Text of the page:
Aperture Cinema - Winston Salem, NC | southern circuit tour
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southern circuit tour

The Southern Circuit Tour of Independent Filmmakers is a program of South Arts. Southern Circuit screenings are funded in part by a grant from South Arts in partnership with the National Endowment of the Arts. South Arts, founded in 1975, is a nonprofit regional arts organization advancing Southern vitality through the arts. Their work responds to the arts environment and cultural trends with a regional perspective, through an annual portfolio of activities designed to address the role of the arts in impacting the issues important to our region, and linking the South with the nation and the world through the arts.

a/perture cinema’s 2019-2020 participation has been generously underwritten by Adrienne Amos Livengood

Lodging assistance and support provided by the Kimpton Cardinal Hotel.

Leave the Bus Through the Broken Window

 

Sunday, October 13 @ 3:00pm

 

Touring with the film: Andrew Hevia, Director

 

Documentary

 

In Leave the Bus Through the Broken Window, what starts as a traditional documentary about the Hong Kong art world becomes an intimate and wryly comedic study of loneliness and alienation within an increasingly globalized world. Upon realizing that the film he thought he would make is not going to happen, filmmaker Andrew Hevia turns the camera on himself while continuing to engage with Hong Kong’s art community. Shot in a ‘first person’ style, Leave the Bus Through the Broken Window playfully tweaks the conventions of the introspective genre of auto-fiction, using deadpan humor to explore romance, personal trauma, and culture shock like no other film before it.

The Short History of the Long Road

 

Sunday, November 3 @ 3:00pm

 

Touring with the film: Ani Simon-Kennedy, Director

 

Narrative

 

For teenage Nola (Sabrina Carpenter), home is the open road. Her self-reliant father (Steven Ogg) is her anchor in a life of transience. The pair crisscross the United States in a lovingly refurbished RV, making ends meet through odd jobs while relishing their independence. A shocking rupture, though, casts Nola out on her own. She makes her way to Albuquerque, New Mexico in search of a mother she never knew, only for her motorhome to break down unexpectedly. However, after forging a bond with an auto body shop owner (Danny Trejo), Nola senses the possibility of mooring her ship in this storm.

Bill Traylor, Chasing Ghosts

 

Sunday, February 16 @ 3:00pm

 

Touring with the film: Jeffrey Wolf, Director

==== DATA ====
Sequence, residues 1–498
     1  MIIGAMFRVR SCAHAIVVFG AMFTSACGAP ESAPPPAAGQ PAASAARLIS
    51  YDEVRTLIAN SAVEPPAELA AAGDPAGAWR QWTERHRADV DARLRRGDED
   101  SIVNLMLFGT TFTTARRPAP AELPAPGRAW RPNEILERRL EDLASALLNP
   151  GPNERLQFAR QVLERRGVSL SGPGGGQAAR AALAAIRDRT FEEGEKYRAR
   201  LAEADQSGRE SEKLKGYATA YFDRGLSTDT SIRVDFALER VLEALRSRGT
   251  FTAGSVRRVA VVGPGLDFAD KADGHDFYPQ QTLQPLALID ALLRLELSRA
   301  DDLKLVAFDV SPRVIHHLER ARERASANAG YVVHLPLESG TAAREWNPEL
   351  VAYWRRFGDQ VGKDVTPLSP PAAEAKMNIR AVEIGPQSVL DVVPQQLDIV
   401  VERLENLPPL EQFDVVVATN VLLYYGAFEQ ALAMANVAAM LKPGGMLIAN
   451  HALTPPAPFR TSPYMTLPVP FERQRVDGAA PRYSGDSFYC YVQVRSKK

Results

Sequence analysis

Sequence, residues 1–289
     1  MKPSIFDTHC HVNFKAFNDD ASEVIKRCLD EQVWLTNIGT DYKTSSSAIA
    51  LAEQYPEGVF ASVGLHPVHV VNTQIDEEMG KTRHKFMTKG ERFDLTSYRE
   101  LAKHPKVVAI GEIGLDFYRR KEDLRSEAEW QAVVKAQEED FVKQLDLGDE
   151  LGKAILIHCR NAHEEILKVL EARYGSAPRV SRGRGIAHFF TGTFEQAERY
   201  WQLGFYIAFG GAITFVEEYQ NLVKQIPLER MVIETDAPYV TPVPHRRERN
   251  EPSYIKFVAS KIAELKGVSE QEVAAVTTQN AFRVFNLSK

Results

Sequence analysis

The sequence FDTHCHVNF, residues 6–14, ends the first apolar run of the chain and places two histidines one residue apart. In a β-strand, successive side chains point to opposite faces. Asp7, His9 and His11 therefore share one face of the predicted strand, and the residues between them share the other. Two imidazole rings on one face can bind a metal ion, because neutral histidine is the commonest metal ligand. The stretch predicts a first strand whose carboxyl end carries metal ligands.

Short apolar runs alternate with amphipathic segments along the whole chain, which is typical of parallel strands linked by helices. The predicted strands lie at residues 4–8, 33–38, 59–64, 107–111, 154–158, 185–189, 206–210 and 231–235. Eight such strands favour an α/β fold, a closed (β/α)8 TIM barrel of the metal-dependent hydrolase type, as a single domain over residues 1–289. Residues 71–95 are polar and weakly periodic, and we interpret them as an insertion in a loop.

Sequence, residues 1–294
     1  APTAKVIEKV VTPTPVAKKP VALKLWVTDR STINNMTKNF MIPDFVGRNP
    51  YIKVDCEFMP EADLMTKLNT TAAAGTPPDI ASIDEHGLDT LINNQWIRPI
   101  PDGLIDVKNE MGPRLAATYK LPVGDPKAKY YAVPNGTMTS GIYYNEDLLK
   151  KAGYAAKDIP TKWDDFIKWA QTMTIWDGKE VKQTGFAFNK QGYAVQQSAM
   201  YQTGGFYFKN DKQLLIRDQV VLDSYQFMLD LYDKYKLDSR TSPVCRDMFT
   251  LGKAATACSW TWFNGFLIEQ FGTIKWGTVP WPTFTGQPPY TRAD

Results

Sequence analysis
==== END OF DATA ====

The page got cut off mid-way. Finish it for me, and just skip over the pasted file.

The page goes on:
Documentary

 

Bill Traylor: Chasing Ghosts is a feature documentary film exploring the life of a unique American artist, a man with a remarkable and unlikely biography. Bill Traylor was born into slavery in 1853 on a cotton plantation in rural Alabama. Using historical and cultural context, the film brings the spirit and mystery of Traylor’s incomparable art to life. After the Civil War, Traylor continued to farm the land until the late 1920s. Aging and alone, he moved to Montgomery and worked odd jobs in the thriving segregated black neighborhood. A decade later, in his late 80s, Traylor became homeless and started to draw and paint, both memories from plantation days and scenes of a radically changing urban culture. Traylor devised his own visual language to record the stories of his life, translating an oral culture into something original, powerful, and culturally rooted. He made over a thousand drawings and paintings between 1939–1942. Traylor witnessed profound social and political change during his life spanning slavery, Reconstruction, Jim Crow segregation, and the Great Migration. Tap dance, evocative period music, and spoken word are used in dramatic and surprising ways in the film, balanced with archival photographs and footage, insightful perspectives from Traylor family members, and Traylor’s striking drawings and paintings, to reveal one of America’s most prominent artists to a wide audience.

Picture Character

 

Sunday, March 15 @ 3:00pm

 

Touring with the film: Martha Shane and Ian Cheney, Directors

 

Documentary

 

The rapid rise 📈 of emoji (Japanese for “picture character”) is a global 🌍 phenomenon without precedent. Their widespread use and ability to convey complex messages have not only cemented emoji’s place as an emerging digital language 🗣, but prompted difficult questions 🤔 about the creation of a language and digital communication’s fraught ties 😣 to identity and inclusion. In Picture Character, directors Martha Shane and Ian Cheney lead viewers 👀 on a deep dive into the ever evolving world of picture characters, from their humble beginnings in Japan 🇯🇵 to mobile keyboards 📱 the world 🌎 over. They shed fresh light 💡 on the private consortium 👥 that approves new emoji offerings and the individuals fighting ✊ to make the language more representative of its billions of users.

You Gave Me a Song: The Life and Music of Alice Gerrard

 

Sunday, April 20 @ 3:00pm

 

Touring with the film: Kenny Dalsheimer, Director

 

You Gave Me a Song offers an intimate portrait of old-time music pioneer Alice Gerrard and her remarkable, unpredictable journey creating and preserving traditional music. The film follows 84-year-old Gerrard over several years, weaving together verité footage of living room rehearsals, recording sessions, songwriting, book project work, and performances with archival photos, rare field recordings, and animation. Much of the film is told in Alice’s voice and via interviews with musical collaborators and family members who share the story of Alice and others chasing that high lonesome sound. This is one woman’s story of being traditional, never conventional. This is a film about getting older, but never giving up.